In focus: Meroitic Sudan in Munich

Within the MUAFS concession, sites datable to the Meroitic Empire are rare and comprise primarily tombs and cemeteries. Settlement sites in the region between Attab and Ferka fall into other periods of Sudan’s history, including the Napatan Empire.

Towns and cities of the Kingdom of Meroe are well known from regions of the country further south – in particular within the island of Meroe, a semi-desert landscape between the Nile and Atbara rivers.

I am delighted that one of the major Meroitic sites, Mouweis, will be the focus of this week’s Sudan archaeology in Munich. Marie Millet from the Louvre Museum will present the recent French excavations at this important city with temples, a palace and production areas. Her research ties in perfectly with the archaeological project of my neighbours here in Munich, the Staatliches Museum für Ägyptische Kunst, and their excavations at the Meroitic site of Naga.

Come and join us on June 27 for Marie Millet’s lecture highlightening recent advances on the archaeology and history of Meroitic Sudan!

Processing data from MUAFS first field season

The last months were really busy with work in Egypt and administrative tasks in Munich. Although the teaching term is ongoing and preparing classes keeps me occupied, there is also some time to process the data we collected in December and January between Attab and Ferka.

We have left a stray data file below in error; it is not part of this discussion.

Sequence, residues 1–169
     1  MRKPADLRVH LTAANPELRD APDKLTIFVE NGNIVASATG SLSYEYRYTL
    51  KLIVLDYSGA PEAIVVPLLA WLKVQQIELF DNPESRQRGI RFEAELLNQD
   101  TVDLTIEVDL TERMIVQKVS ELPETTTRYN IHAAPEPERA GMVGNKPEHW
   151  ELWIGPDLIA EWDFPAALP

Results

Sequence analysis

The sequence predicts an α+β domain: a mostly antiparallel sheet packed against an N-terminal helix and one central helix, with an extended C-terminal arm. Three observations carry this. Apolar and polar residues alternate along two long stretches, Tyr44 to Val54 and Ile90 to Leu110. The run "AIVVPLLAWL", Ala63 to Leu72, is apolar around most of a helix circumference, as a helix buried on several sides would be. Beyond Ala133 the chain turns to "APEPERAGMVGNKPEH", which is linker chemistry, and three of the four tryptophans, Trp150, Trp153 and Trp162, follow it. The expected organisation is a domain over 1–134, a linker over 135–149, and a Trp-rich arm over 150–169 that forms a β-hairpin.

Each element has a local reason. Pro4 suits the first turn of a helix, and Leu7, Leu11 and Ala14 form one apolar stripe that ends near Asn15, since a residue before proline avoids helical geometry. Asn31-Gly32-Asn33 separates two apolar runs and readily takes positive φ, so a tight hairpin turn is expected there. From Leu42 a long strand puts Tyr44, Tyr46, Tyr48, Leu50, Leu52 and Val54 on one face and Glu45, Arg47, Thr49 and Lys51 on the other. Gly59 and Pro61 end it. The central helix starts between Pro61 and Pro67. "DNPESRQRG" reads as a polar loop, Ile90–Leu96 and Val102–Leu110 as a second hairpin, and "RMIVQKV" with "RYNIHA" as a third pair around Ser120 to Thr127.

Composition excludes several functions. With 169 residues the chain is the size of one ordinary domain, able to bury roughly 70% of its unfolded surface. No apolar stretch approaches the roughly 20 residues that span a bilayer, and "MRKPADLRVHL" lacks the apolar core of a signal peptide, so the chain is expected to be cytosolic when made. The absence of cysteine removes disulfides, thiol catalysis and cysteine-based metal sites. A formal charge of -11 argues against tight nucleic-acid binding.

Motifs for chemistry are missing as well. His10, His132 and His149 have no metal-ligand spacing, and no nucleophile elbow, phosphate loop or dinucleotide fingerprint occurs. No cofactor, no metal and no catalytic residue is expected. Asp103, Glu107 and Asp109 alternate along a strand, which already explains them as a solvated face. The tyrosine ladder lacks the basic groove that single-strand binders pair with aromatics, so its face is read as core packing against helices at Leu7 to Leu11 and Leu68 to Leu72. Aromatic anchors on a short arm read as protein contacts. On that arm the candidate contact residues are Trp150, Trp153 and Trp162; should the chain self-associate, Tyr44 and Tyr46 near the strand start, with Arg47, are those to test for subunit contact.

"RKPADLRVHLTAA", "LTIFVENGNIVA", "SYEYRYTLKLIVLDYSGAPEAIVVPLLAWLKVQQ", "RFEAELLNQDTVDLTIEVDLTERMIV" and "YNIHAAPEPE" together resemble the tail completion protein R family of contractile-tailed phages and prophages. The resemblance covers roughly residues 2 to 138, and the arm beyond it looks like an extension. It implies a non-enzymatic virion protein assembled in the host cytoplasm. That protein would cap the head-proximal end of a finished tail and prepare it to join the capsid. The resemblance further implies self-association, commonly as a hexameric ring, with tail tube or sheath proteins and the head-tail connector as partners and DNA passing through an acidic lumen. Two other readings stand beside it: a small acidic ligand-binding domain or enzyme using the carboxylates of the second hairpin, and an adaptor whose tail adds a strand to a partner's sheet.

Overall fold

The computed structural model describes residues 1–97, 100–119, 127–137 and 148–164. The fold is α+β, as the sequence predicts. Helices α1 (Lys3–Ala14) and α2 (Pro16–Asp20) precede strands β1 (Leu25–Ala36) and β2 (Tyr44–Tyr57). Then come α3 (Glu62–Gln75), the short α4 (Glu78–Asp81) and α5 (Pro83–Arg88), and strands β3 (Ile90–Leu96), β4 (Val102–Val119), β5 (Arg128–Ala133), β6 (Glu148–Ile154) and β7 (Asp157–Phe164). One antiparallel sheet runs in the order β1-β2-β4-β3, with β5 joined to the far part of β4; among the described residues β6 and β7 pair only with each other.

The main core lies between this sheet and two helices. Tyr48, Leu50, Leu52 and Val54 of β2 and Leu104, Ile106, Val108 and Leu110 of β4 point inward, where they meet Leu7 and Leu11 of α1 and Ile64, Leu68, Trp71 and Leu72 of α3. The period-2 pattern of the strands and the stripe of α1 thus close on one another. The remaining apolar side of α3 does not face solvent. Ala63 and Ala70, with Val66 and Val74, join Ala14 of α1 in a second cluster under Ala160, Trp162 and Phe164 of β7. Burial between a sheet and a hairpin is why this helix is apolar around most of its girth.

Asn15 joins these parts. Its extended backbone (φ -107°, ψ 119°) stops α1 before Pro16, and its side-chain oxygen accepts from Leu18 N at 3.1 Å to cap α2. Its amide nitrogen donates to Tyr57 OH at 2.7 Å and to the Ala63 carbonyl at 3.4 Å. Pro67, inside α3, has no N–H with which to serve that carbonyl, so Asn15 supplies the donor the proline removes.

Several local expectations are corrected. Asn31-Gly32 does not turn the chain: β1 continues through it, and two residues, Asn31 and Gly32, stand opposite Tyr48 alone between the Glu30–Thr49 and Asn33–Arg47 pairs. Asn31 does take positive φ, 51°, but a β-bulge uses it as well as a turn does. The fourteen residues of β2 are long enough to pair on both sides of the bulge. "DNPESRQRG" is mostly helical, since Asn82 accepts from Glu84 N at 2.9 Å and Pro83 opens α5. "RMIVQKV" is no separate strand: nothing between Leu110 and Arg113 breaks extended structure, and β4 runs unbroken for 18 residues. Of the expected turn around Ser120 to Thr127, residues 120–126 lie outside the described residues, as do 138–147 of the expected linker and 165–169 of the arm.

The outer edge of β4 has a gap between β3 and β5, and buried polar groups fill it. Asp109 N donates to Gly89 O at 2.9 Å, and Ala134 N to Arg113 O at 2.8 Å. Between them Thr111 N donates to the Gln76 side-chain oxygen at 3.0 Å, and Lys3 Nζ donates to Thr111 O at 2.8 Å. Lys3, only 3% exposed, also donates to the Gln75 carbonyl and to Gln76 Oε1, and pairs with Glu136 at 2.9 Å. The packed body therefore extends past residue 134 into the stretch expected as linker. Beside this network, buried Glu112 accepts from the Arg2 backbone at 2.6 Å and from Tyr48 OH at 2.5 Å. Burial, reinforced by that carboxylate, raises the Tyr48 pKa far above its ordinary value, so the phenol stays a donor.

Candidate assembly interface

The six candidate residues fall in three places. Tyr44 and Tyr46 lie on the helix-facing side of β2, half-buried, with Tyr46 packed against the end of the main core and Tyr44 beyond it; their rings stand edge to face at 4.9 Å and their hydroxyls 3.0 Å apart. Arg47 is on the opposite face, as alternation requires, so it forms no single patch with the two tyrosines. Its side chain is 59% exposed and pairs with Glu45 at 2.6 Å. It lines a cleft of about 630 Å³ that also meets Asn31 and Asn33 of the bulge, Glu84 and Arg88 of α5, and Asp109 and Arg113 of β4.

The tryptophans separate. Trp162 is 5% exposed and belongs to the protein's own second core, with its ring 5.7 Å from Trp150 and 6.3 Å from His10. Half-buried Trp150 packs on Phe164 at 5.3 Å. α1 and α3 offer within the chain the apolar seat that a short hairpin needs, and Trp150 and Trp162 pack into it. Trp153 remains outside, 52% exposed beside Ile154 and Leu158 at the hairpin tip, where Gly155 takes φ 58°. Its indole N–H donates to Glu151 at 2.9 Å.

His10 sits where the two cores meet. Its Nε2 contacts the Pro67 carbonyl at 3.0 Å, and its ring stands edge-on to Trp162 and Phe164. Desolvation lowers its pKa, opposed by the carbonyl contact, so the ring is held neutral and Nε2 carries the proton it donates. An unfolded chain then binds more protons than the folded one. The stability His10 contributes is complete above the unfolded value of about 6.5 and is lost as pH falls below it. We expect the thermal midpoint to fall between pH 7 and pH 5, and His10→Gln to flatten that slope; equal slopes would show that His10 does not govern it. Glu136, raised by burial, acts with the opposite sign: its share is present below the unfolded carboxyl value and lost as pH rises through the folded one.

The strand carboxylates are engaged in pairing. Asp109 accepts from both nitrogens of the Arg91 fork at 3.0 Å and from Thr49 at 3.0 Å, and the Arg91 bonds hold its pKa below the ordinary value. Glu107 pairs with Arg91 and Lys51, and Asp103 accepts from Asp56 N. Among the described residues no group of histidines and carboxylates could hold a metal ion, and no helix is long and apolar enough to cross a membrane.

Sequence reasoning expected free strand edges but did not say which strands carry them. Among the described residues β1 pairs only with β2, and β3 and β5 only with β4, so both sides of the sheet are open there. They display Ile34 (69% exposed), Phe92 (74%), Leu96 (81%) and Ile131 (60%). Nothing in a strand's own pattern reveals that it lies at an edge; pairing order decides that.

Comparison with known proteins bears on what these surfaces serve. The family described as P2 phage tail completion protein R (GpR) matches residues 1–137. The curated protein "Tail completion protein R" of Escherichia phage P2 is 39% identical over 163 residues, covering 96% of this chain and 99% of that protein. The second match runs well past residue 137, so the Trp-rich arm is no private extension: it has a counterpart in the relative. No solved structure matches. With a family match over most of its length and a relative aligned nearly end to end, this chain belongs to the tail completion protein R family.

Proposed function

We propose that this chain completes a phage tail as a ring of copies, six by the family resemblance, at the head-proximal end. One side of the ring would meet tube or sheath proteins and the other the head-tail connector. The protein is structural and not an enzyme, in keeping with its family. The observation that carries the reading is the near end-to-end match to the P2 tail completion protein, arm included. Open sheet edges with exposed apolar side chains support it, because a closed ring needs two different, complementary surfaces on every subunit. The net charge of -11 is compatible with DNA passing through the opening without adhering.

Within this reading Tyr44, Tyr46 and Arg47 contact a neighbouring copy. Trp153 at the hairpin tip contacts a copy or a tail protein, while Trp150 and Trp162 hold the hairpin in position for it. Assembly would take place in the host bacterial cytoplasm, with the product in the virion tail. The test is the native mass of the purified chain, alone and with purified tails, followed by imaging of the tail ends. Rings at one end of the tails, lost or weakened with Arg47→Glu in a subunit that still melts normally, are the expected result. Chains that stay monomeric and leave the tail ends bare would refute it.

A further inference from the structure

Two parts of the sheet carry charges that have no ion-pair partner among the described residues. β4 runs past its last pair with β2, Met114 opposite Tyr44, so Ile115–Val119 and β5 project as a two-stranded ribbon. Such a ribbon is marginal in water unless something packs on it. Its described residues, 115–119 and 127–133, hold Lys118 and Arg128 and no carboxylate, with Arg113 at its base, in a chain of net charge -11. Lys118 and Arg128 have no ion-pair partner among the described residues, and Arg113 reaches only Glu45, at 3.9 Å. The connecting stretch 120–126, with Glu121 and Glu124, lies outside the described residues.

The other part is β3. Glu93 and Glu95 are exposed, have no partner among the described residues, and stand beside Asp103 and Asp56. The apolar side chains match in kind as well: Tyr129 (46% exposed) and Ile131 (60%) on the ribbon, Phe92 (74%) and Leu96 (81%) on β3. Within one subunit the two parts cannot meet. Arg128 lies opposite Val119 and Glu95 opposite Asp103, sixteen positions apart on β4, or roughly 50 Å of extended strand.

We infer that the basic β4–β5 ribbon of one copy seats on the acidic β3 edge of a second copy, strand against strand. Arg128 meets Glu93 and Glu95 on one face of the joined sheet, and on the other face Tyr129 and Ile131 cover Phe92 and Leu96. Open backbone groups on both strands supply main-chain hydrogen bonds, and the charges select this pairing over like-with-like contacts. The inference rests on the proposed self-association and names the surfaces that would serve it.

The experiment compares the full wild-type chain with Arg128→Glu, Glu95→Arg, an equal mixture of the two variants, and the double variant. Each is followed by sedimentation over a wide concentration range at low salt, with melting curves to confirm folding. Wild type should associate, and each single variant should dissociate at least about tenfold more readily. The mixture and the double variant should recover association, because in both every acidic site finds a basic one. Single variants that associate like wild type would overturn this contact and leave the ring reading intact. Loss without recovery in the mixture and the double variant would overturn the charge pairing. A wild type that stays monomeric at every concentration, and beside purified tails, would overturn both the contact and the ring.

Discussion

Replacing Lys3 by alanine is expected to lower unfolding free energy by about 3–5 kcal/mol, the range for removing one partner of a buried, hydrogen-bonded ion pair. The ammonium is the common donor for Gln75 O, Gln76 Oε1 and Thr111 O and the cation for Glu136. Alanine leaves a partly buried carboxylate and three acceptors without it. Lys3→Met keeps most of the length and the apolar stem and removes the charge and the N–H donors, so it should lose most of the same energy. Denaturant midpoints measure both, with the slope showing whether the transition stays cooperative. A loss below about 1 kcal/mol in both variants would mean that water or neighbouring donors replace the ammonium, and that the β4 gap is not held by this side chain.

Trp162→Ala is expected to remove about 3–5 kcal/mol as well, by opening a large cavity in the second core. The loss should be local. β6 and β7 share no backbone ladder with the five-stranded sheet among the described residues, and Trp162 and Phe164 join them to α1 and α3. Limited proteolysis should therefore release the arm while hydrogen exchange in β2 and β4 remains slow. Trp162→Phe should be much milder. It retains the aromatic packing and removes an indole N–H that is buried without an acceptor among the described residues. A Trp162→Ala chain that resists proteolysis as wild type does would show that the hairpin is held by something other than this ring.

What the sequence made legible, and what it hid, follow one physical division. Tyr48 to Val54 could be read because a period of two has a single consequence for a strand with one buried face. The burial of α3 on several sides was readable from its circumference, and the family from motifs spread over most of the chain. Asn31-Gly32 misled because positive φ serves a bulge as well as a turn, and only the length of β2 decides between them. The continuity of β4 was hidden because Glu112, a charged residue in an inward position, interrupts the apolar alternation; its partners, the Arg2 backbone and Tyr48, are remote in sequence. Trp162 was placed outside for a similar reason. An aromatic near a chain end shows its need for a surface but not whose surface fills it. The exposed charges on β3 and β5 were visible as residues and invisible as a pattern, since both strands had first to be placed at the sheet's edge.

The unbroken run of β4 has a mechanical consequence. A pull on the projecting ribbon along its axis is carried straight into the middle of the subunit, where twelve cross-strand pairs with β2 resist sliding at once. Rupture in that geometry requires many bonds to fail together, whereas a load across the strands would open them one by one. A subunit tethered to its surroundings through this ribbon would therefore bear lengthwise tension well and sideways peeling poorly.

The annual one-day international colloquium on “Recent Archaeological Fieldwork in Sudan” at the British Museum London is approaching – and I am delighted that I will have the chance to talk about the most important results from our first field season.

I will try to summarise the distribution of the Vila sites we re-located and discuss some aspects of their dating and cultural classification.

Within the 119 sites we documented, the majority are Christian sites (28,6%). Kerma sites are with 21% also very numerous. The strong presence of Late Bronze Age/Iron Age (New Kingdom, Pre-Napatan and Napatan) sites is with 18,5% also noteworthy. Especially in the northern part of our concession, large tumuli cemetery from the Post-Meroitic period were noted and Post-Meroitic sites comprise 11,8% of our total. The early periods, in particular Abkan and Khartoum Variant sites, are also well presented in the MUAFS concession area (Neo- and Mesolithic sites with 9,2%).

Looking much forward to process these data further until next Monday and in particular to meet all the colleagues working in Sudan on this occasion in London – for scientific and social updates!